You will be redirected back to your article in seconds

SEOUL — Big changes are afoot in the Korean TV industry. Newly launched policy body Korea Communications Commission (KCC) — a combo of the former Ministry of Information and Communications and the Korea Broadcasting Commission — has pushed converge of IPTV and broadcasting, incubating new biz opportunities.

KCC gave permission for IPTV activity to three companies — KT, SK Broadband and LG Dacom — which will start offering services in October, seeking a new profit model.

Trio, however, face an uphill battle as they engage in three-way competition with cablers and terrestrial broadcasters.

To this end, they’re negotiating with program providers, but it remains to be seen whether they can secure enough content.

Meanwhile, the three major terrestrial broadcasters are fighting it out. The hottest battlegrounds are weekday TV dramas and Sunday reality and comedy shows. TV dramas Song Seung-hun starrer “East of Eden” (MBC) and comicstrip-based “Tazza” (SBS) are dueling on Monday and Tuesday nights, while classical music drama “Beethoven Virus” (MBC) and blockbuster epic “Land of Wind” (KBS) are heating the networks Wednesdays and Thursdays in primetime.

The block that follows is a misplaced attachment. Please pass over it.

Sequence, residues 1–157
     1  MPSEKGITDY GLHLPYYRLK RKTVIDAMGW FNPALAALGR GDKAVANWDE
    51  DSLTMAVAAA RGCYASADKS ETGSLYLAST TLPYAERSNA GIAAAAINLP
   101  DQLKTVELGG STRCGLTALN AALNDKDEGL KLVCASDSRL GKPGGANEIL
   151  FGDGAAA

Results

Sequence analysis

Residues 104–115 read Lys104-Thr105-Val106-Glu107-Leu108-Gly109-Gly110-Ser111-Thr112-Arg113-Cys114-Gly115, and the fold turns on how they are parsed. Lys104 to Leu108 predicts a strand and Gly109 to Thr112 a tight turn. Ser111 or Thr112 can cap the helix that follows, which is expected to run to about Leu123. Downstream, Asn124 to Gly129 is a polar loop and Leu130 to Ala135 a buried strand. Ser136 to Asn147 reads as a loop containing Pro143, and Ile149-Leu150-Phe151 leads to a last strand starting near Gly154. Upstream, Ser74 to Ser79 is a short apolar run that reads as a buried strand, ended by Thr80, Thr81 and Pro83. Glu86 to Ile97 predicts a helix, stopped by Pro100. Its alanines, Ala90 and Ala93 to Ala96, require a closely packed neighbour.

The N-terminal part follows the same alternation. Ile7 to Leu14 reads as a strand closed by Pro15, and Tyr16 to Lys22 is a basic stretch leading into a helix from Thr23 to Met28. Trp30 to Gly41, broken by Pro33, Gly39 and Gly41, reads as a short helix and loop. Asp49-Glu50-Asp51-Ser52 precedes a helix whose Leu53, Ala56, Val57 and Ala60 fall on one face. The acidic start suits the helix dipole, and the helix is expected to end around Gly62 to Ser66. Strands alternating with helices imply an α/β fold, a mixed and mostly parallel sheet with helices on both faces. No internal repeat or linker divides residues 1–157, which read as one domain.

Helping these dramas attract audiences is the casting of big names from Korea’s film industry, including the highly anticipated return to TV after a few years’ break of Korean Wave stars Moon Geun-young and Song Hye-kyo. They topline “Painter of the Wind” and “The World That They Live In,” respectively.

At the recent Broadcast Worldwide 2008 confab in Seoul, $30 million worth of Korean TV programs were sold to foreign buyers.


“Mom Has Grown Horns” (KBS)

“First Wives’ Club” (SBS)

“East of Eden” (MBC)